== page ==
Now a month out from my MW exam I find myself staring at the bottom third of a basket filled with the last 10 years’ exam questions. Back in October of 2009 I decided that a good way to study would be to write essays (or at least good outlines) for every exam question asked on the theory paper for the last 10 years. The logic being that there was very little chance that the majority of the MW theory exam would be made up of questions from different topics than have been covered over that time span and I would have prepared at least one or more ways to answer them by the time I sat the exam. So I began downloading all the past exams, cutting and pasting my way through them into a large word document. Then I printed the word document with all the questions (all 19 pages!) and proceeded to cut them up into little slivers of paper. The folding of the paper slivers took the longest and around halfway through I began to question the sanity of this idea, however after about a week of folding in my spare time I ended up with a basket almost overflowing with little balls of paper containing every question that I would need to appropriately answer to pass the exam. I learned at the MW seminar this year that this is called the “fishbowl” approach to studying. So I then set off on my quest to answer every question. Some have been very straight-forward like today’s “A variety of new devices and systems have been introduced in recent years to enable winemakers to improve their musts…”. (Please, Please, Please let something like that be on the exam) and some have been very esoteric “A bad day tasting wine is better than a good day at work” (Ummm what if tasting wine is work???).
I have come across several that my initial reaction is “if this shows up on my exam I’m not going to answer that one”. I’ve learned to pay special attention to those because (and I’ll admit it to anyone) these are typically the ones that I really have no idea how to answer. They are the questions that represent the key to passing and why I delved into this crazy idea in the first place. I force myself to take my best shot at an outline under timed conditions (5-10 minutes max from the point of opening the ball of paper) then pour over the exam report for that question (also downloaded the last 10 years of those), add whatever it seems I was missing (or in some cases, completely start over), and then write an essay. I have been doing this for the last 6 months whenever I can and have managed to go through around two-thirds of the questions. Now I’m down to my last month and staring right in the face of the last one-third. One must power through!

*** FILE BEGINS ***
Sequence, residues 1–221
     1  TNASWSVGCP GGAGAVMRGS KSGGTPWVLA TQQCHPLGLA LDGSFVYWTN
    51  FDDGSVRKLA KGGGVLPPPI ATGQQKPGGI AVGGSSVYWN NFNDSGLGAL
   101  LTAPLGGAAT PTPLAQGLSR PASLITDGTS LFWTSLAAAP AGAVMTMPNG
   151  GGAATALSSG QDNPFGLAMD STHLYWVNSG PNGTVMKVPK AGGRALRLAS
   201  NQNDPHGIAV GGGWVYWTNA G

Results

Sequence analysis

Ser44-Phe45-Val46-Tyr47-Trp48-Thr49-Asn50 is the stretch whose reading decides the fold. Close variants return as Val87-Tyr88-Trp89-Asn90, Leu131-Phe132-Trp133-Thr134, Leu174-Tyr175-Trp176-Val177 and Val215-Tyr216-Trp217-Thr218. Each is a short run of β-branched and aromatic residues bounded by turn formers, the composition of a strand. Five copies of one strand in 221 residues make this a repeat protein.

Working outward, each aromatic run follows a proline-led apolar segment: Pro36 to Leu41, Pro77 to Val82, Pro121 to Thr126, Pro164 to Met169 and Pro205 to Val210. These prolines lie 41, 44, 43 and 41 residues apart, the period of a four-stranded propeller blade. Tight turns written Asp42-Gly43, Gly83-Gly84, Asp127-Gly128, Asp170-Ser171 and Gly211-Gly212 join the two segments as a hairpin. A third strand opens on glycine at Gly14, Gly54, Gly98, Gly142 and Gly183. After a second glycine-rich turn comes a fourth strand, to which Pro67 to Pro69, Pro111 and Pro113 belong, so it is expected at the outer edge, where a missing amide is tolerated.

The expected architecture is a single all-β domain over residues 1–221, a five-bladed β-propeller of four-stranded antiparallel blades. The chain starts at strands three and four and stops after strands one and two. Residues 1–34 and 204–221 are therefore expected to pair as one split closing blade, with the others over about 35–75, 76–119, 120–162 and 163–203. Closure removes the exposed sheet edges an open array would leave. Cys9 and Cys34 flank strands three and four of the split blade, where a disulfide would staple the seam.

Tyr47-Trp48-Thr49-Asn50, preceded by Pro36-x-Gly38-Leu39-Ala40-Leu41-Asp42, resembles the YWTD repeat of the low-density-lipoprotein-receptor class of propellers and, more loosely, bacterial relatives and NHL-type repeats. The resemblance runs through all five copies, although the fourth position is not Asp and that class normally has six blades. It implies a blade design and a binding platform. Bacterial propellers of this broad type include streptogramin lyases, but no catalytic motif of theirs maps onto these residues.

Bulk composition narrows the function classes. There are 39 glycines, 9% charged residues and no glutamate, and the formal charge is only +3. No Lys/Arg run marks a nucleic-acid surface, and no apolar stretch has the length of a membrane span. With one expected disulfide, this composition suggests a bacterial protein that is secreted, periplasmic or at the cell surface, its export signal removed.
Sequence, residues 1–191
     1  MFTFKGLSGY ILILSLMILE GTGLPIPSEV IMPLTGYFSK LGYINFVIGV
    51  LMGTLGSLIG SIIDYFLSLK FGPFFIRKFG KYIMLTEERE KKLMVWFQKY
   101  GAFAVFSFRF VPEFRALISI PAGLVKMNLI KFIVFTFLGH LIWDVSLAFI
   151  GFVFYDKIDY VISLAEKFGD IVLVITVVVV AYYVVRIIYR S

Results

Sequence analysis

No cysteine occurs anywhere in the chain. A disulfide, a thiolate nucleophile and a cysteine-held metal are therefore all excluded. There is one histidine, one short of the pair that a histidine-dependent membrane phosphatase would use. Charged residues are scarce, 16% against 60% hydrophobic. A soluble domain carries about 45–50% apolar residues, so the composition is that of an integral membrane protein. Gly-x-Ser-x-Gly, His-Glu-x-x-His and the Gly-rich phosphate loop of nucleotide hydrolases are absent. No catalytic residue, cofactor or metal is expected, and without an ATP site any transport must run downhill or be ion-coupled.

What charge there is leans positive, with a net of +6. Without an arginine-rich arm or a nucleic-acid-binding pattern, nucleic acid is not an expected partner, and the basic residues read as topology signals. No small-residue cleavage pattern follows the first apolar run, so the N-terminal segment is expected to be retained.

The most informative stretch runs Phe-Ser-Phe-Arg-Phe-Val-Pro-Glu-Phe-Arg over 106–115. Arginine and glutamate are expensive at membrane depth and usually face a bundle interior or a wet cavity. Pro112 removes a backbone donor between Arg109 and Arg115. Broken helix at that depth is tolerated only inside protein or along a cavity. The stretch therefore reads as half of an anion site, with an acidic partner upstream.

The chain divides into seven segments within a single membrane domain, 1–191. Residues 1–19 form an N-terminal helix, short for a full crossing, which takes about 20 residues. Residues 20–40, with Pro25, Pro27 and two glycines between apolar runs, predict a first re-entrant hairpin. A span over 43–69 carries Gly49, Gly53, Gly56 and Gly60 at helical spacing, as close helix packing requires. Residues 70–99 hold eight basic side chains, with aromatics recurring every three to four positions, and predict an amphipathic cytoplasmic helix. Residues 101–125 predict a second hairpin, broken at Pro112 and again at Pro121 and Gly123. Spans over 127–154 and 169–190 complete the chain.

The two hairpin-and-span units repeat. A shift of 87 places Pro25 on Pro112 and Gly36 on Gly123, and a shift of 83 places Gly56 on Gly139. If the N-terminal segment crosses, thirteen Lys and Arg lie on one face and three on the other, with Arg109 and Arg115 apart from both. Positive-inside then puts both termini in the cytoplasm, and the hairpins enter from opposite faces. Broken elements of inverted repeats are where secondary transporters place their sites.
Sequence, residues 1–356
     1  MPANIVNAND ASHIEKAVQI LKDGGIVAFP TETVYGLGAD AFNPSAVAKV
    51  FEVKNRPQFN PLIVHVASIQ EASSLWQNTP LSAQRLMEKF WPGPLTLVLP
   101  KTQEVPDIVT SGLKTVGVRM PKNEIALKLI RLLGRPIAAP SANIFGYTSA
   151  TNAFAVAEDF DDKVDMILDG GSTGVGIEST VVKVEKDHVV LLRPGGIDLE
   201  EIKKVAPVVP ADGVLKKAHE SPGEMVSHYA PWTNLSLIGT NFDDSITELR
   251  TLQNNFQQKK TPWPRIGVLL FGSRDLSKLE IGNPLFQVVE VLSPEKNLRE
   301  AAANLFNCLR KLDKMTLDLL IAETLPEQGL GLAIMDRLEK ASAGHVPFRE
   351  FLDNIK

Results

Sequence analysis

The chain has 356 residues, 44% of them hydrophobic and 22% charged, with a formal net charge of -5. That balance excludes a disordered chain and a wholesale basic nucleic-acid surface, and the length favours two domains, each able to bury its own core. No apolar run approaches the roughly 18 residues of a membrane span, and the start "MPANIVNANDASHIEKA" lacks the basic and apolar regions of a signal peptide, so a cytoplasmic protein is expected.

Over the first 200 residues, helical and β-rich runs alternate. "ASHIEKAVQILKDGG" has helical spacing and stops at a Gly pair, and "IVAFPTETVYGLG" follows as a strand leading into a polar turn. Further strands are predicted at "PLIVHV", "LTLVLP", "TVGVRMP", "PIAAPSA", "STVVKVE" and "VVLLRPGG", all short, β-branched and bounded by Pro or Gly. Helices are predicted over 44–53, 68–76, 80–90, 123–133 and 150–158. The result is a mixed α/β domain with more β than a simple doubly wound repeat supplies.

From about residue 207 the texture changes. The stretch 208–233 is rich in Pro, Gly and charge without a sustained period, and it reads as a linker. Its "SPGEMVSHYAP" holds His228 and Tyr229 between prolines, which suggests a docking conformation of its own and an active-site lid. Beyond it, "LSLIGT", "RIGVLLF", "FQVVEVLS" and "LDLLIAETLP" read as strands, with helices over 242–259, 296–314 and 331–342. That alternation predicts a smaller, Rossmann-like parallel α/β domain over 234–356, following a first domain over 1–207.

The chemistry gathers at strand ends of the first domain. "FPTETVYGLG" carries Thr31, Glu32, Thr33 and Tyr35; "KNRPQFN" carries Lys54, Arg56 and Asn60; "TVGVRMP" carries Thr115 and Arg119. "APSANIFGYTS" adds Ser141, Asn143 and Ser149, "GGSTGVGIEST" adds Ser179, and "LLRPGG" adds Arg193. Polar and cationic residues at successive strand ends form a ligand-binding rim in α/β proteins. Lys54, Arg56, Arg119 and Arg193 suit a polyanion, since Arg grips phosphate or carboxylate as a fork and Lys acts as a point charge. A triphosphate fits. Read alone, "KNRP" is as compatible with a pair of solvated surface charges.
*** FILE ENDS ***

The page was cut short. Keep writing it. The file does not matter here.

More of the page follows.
So how many essays are too many? Can you write too many? Is there a point of diminishing returns? I don’t think so. In fact it’s energizing. Each time I come across one that stumps me now (fewer and fewer the more I answer) I feel excited. I feel that I have a chance to answer it now, read the examiner’s report, learn what I was missing and re write it so that this particular question will not stump me on the exam (should it be the one to show up). I’ve been living on adrenaline for the past month and it doesn’t show any sign of letting up soon. There is a certain thrill about reaching for the little ball of paper. What paper will it be from? Will it make me laugh? Cry? Jump for joy? Confidently write a passing essay? Who knows? I hope to keep this feeling going at least for one more month because it is fueling everything at this point. I feel May is going to be a very short month and there are so many questions left…We’ll see how it goes.